• Andy Dalton started at QB, but Chris Olave‘s status as the WR1 did not change. He led the team in targets (7) for the third straight week and scored. Since Week 2, the rookie is averaging just under 100 receiving yards per game, 200-plus air yards per game and a 30% target share.
  • Thomas is not practicing… opening up the target floodgates for Olave’s hot steak to continue. The Seahawks defense ranks last in pass defense EPA allowing a league-leading 13.5 yards per completion.
  • Alvin Kamara says he’s playing this week, so you start him. The Seahawks are allowing the second-most rushing yards to RBs this season. And NO went noticeably run-heavy in Week 4 without Winston under center. 61% run rate on early downs. That rate was 49% from Weeks 1-3.
  • Rashaad Penny shredded the league’s worst run defense in Week 4. Next up are the New Orleans Saints, who rank first in run defense EPA. Perfect time to sell high on an injury-prone (already on the injury report this week) Penny with Kenneth Walker vying to eat into Penny’s workload as the season progresses.
  • Seahawks TE Will Dissly saw more targets (4) than Noah Fant (1) in Week 4. He also ran more routes and played a higher snap share (735 versus 59%). Drop Fant.

Texans at Jaguars

  • Start James Robinson: He and Travis Etienne Jr. split carries in Week 4, eight a piece. But ETN saw the lone target and ran more routes (9 versus 14). However, don’t let one disastrous week from Robinson with a horrible game script let you overlook the fact that he was a top-10 RB the first three weeks and he is playing the Houston Texans in Week 5. The defense that has allowed the most rushing yards per game to RBs this season. And Robinson’s 6 carries inside the 10 are tied for most for any RB that hasn’t converted for a touchdown.
  • Dameon Pierce continues to bully carries in the Texans’ backfield. He had 14 carries for 131 yards in Week 4. He had ALL the rushing attempts, highlighted by a 75-yard TD score. But oh baby, that’s just the surface. The former Florida Gator earned 6 targets and 6 receptions, while running more routes than Rex Burkhead. Second in targets and catches behind only Brandin Cooks. It’s receiving usage we haven’t seen yet from the rookie. His role is growing by the week. The Jaguars’ run defense has been solid most of this season but showed cracks in the armor last week versus the Eagles.
  • Brandin Cooks was solid in Week 4, catching all 7 of his targets for 57 yards and one touchdown. But, his status as the clear-cut Texans’ No. 1 WR is waning. After a dominant performance in Week 1, Cooks owns just a 23% target share – 37th amongst all players. Also, he is trailing teammate Nico Collins in both air yards share and receiving yards (133 versus 181) over the last 3 weeks. With Davis Mills playing like arguably the league’s worst quarterback – dead last in passing EPA – get out while you still can. I wouldn’t feel forced to start Cooks in any capacity versus an underrated pass defense. The Jaguars’ secondary ranks 6th in pass defense EPA.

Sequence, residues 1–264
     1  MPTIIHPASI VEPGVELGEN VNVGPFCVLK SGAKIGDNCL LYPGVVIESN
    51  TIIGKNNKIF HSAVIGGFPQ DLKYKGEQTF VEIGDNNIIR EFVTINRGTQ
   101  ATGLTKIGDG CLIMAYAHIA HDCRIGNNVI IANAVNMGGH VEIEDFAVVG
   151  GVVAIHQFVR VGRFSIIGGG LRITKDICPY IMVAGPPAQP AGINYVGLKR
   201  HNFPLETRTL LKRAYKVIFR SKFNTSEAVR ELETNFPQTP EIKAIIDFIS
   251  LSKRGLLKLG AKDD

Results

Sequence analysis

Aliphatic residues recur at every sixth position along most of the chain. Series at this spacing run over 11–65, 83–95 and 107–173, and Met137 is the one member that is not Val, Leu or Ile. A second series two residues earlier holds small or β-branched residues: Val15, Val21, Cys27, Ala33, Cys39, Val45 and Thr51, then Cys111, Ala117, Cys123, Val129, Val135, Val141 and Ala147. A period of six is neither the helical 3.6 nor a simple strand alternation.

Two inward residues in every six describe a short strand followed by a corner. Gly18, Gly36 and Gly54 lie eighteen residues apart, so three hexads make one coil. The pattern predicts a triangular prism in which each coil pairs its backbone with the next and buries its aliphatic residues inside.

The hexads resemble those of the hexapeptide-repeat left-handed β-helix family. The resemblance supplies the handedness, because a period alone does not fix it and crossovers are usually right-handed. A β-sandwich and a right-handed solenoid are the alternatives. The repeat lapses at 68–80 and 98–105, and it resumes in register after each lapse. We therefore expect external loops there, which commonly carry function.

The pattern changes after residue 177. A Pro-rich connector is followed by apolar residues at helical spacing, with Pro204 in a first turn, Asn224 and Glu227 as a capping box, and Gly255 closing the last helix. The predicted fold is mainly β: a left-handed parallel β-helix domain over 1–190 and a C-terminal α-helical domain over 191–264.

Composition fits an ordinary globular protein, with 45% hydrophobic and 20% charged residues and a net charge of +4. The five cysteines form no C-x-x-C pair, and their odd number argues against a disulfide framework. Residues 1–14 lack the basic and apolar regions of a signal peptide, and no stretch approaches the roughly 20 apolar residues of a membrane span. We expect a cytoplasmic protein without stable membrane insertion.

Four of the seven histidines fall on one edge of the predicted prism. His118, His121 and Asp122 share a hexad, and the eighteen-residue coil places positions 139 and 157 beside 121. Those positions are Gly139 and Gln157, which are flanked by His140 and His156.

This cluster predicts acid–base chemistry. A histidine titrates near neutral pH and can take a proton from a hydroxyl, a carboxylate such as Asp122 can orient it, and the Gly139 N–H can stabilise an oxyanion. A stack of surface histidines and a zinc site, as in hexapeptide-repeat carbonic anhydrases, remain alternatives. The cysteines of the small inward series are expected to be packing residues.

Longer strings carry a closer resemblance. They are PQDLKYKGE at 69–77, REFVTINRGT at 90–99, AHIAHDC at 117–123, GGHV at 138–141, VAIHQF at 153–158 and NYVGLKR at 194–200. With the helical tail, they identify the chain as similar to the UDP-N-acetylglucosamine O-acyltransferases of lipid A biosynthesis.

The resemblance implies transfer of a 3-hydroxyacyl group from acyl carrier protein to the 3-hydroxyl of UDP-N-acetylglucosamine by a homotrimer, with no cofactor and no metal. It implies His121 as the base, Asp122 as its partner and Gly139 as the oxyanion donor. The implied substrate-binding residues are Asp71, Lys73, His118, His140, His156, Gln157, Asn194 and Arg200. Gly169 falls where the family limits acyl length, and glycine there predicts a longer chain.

• Christian Kirk posted a team-high nine targets (39% target share) in Week 4. But he finished with just two catches for 60 yards. Trevor Lawrence completed less than 50% of his passes. I’d expect a massive bounce-back effort from Kirk in Week 5. His 29% season-long target share ranks 12th this season and the Texans defense has allowed over 100 receiving yards to 3 of the 4 opposing WR1s they have faced this season. Houston ranks fourth in yards allowed per pass completion (12.6), and Kirk ranks 13th in yards per reception (16.6) this season.
  • O.J. Howard led all Texans TEs in targets (5) with them having injuries at the position. He played on 75% of the team’s snaps, running a route on 67% of dropbacks. Worth monitoring if Brevin Jordan misses another week of action.
  • Evan Engram ranks 8th in route participation among TEs this season, but 20th in targets share. Desperation streamer, but gets a bump if Zay Jones is out another week with his ankle injury. Jones is expected to return in Week 5.

Titans at Commanders

  • Derrick Henry did more in the receiving game for a second straight week in Week 4. 5-plus targets again with 114 rushing yards on 22 carries (1 TD). Also added 3 catches for 33 yards. Feel confident saying that after two straight weeks of high-profile receiver usage – and Treylon Burks being hurt – I think Henry catching 2-3 balls per week will be the expectation moving forward. 25% target share over the last two weeks on a 50% target rate per route run!
  • Washington has a strong run defense – 2nd in run defense EPA – but the Colts had an equally strong unit, and the Big Dog still ate ’em up for 100-plus rushing yards in Week 4.
  • But there’s no denying that if the Titans elect to throw, they will have success doing so. The Commanders rank 30th in pass defense EPA, allowing the league’s highest passing TD percentage. And no offense has been better in the RZ at scoring than the Titans (90%) who rank second in pass rate over expectation throwing in the RZ.
  • Therefore, this should be a solid spot to start veteran WR Robert Woods. He owns a 20% target share on the season and a 27% target share over the last two weeks. Also leads team in red-zone targets. I’d also expect rookie Kyle Philips to see an expanded role. Recall that the 2022 5th-round pick commanded nine targets back in Week 1.